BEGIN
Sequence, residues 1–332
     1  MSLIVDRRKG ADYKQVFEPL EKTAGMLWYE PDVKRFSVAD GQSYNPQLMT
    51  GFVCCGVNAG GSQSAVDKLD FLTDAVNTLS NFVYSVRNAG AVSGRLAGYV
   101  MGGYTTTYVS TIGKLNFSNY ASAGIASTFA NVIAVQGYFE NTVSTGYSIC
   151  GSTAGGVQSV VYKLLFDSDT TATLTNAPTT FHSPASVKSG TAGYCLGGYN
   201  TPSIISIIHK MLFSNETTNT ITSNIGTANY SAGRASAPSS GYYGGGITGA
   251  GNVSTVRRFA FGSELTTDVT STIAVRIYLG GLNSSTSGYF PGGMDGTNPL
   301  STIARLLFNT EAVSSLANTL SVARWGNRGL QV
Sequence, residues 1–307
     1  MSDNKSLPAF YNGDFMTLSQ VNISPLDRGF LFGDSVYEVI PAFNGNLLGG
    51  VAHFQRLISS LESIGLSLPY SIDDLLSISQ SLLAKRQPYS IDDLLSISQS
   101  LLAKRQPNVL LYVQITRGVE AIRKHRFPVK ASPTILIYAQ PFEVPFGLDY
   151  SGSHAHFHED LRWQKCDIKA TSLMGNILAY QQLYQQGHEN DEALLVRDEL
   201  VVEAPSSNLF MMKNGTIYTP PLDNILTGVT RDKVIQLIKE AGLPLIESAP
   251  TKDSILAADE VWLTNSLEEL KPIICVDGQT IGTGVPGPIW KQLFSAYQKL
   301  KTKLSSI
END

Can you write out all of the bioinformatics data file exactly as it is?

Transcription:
Sequence, residues 1–332
     1  MSLIVDRRKG ADYKQVFEPL EKTAGMLWYE PDVKRFSVAD GQSYNPQLMT
    51  GFVCCGVNAG GSQSAVDKLD FLTDAVNTLS NFVYSVRNAG AVSGRLAGYV
   101  MGGYTTTYVS TIGKLNFSNY ASAGIASTFA NVIAVQGYFE NTVSTGYSIC
   151  GSTAGGVQSV VYKLLFDSDT TATLTNAPTT FHSPASVKSG TAGYCLGGYN
   201  TPSIISIIHK MLFSNETTNT ITSNIGTANY SAGRASAPSS GYYGGGITGA
   251  GNVSTVRRFA FGSELTTDVT STIAVRIYLG GLNSSTSGYF PGGMDGTNPL
   301  STIARLLFNT EAVSSLANTL SVARWGNRGL QV
Sequence, residues 1–307
     1  MSDNKSLPAF YNGDFMTLSQ VNISPLDRGF LFGDSVYEVI PAFNGNLLGG
    51  VAHFQRLISS LESIGLSLPY SIDDLLSISQ SLLAKRQPYS IDDLLSISQS
   101  LLAKRQPNVL LYVQITRGVE AIRKHRFPVK ASPTILIYAQ PFEVPFGLDY
   151  SGSHAHFHED LRWQKCDIKA TSLMGNILAY QQLYQQGHEN DEALLVRDEL
   201  VVEAPSSNLF MMKNGTIYTP PLDNILTGVT RDKVIQLIKE AGLPLIESAP
   251  TKDSILAADE VWLTNSLEEL KPIICVDGQT IGTGVPGPIW KQLFSAYQKL
   301  KTKLSSI